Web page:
Overall, students felt that they were able to gain valuable knowledge about recycling and digital possibilities to improve it. Many were surprised to acknowledge how complex recycling processes become once recycled items leave campus. Students found their assignment different from traditional discursive discussions about management topics; although some academic criteria from engineering education were established to online assess the creative quality of their work, it was not fully possible to directly link these criteria with achieving overall good learning, given that there were very innovative solutions that no creativity criteria would thoroughly pick. For instance, a criteria set was that the solution would be ‘pleasing to the ‘eye’, ‘work’ in the real world and open new ways of conceiving of a domain (i.e. recycling) (Cropley and Cropley, 2016). As I marked the students’ assignment, I decided to use the criteria as a reference rather than something set in stone to be achieved. The creativity of students was surpassing my own expectations.
Furthermore, and in relation to writing a ‘good’ assignment, students also found it motivating to propose solutions that were to be further assessed by a panel of experts (states managers, sustainability academics, private recycling officers). Many ingenious and feasible to implement solutions were generated, and this also benefited our college and private recycling companies. This was communicated to students with just a few days of notice, so that they would not become solely driven by the outcome of their work but also by their process of iterating, stretching their boundaries of analysis and interaction, and learning about recycling.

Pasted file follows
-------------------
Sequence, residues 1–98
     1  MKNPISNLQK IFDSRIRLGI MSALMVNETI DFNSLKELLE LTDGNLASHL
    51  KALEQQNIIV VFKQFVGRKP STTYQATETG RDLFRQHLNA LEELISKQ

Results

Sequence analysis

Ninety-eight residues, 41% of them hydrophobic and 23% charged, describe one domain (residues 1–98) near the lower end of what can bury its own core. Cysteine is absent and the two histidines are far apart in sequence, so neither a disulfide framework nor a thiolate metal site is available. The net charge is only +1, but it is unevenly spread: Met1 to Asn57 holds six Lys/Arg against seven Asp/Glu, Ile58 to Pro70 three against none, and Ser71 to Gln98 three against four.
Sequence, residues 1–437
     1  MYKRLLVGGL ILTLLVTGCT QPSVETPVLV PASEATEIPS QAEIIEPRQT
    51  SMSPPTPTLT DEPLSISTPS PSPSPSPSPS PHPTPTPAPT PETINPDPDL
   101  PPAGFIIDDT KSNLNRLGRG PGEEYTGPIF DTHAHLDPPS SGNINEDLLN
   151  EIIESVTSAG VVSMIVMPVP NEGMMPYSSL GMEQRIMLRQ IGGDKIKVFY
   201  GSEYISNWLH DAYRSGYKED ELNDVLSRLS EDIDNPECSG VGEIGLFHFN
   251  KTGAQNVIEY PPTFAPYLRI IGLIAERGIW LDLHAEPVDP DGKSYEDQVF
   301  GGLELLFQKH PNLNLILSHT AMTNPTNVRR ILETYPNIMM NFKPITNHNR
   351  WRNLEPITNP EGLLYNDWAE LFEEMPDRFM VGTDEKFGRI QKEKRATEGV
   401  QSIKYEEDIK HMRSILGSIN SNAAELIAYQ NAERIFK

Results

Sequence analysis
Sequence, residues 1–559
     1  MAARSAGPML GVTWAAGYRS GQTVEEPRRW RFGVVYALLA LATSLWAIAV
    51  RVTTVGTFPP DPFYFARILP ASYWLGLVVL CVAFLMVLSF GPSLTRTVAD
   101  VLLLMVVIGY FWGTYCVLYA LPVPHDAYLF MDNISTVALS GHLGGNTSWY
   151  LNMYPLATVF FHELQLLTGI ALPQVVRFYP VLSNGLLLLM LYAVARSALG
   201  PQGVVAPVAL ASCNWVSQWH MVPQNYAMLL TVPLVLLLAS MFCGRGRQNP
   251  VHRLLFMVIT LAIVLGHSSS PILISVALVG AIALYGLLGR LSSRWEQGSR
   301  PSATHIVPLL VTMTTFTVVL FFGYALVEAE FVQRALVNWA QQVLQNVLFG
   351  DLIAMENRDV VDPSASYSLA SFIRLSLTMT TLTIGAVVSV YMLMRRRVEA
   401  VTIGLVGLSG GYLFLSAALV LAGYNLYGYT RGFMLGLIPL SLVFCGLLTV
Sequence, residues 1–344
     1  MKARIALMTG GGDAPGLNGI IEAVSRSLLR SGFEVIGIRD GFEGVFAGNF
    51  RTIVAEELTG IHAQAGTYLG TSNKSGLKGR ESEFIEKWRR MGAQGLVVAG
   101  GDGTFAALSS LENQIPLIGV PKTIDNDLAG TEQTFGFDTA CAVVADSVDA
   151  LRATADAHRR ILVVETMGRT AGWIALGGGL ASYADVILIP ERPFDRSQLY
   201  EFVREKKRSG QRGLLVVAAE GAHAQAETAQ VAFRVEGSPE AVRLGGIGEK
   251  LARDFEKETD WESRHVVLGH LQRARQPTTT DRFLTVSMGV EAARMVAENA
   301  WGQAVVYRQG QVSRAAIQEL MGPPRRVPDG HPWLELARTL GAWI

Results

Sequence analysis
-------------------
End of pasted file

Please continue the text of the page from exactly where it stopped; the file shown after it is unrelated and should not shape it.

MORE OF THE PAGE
In a post-pandemic world, educators and students could conceive of recycling in new and exciting ways. The use of digital technologies could support both learning about recycling and delivering ideas to improve it. Recycling as an area of knowledge and education could help all of us to rediscover our physical surroundings, to be more compassionate with ourselves and others, and to create new and meaningful relationships in education and beyond (Córdoba-Pachón, 2020).
Córdoba-Pachón, J.R. (2020). Creativity in Management Education: A Systemic Rediscovery. London: Palgrave. Pivot Series, Forthcoming.
Cropley, D., and Cropley, A., 2016. Promoting creativity through assessment: a formative computer-assisted assessment tool for teachers. Educational Technology 56:6, pp.17-24.
I would like to thank my students for their work, feedback and inspiration.